Drought-like conditions could force higher food prices

Davis, Calif. - The costs of fruits, vegetables and meat could increase if the dry winter season continues, according to some agriculture experts.

Davis farmers said the lack of rain, compounded with the hard freeze that happened at the end of last, year has already increased prices on citrus, including lemons and mandarins.

But they're not the only ones passing on their higher expenses.

Mangers of the Pete's Valley Cattle, just outside of Winters, Calif., said the feed for their cattle is drying up due to the lack of rain, and the cost of hay is very expensive.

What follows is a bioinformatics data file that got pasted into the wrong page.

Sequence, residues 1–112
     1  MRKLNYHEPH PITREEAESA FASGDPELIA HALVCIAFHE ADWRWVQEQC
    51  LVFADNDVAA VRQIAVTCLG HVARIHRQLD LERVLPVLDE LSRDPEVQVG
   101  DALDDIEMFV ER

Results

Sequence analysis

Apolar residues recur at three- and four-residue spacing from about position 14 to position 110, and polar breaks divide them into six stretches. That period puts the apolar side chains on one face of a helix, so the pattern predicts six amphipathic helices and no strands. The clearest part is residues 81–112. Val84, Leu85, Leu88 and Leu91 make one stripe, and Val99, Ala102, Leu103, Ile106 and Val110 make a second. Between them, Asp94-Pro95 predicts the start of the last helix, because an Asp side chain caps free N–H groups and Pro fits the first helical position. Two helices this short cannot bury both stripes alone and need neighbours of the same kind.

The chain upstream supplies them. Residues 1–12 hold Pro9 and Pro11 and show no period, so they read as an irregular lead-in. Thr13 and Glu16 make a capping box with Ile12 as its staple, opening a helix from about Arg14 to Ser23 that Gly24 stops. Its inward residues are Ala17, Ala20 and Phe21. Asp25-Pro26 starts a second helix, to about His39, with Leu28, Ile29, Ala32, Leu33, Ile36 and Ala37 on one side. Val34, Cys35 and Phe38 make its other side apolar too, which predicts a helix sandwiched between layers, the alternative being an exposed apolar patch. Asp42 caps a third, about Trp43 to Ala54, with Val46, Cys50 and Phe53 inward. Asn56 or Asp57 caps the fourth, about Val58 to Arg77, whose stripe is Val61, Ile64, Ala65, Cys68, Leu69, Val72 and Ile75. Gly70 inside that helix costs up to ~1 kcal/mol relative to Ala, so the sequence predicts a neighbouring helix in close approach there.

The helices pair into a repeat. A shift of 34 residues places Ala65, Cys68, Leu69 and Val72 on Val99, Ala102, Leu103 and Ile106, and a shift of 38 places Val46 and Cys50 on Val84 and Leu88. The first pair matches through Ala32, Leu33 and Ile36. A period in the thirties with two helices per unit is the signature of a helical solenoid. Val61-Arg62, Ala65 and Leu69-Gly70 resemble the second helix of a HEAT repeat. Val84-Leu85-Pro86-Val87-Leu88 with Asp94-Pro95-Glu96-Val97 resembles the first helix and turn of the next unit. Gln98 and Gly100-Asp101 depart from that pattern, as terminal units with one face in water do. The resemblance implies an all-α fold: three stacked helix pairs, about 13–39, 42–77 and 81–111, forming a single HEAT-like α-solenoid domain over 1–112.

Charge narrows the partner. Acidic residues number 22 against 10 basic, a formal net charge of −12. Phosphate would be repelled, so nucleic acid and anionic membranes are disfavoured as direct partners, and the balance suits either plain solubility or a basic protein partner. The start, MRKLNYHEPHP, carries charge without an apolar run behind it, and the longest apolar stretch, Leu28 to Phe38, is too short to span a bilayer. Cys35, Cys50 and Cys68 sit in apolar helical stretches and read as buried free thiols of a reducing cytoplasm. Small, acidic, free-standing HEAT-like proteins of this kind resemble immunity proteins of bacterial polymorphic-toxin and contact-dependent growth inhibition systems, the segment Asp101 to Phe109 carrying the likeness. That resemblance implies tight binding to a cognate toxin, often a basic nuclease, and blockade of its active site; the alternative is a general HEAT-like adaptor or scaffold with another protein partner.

"If it cost us more money to supply it, it will cost more money to buy it," rancher Wade Harrison explained.

Harrison said ranchers will be passing those expenses on to consumers. The cost of meat in stores could go up nearly 30 percent if Mother Nature doesn't supply enough water.

Officials with the California Farm Bureau Federation said it's too early to dictate how much prices could increase because there are still several months left that farmers could get substantial rain for their crops.

Officials added if dry conditions continue, consumers could see possible price hikes to fruits and vegetables in six months to a year.


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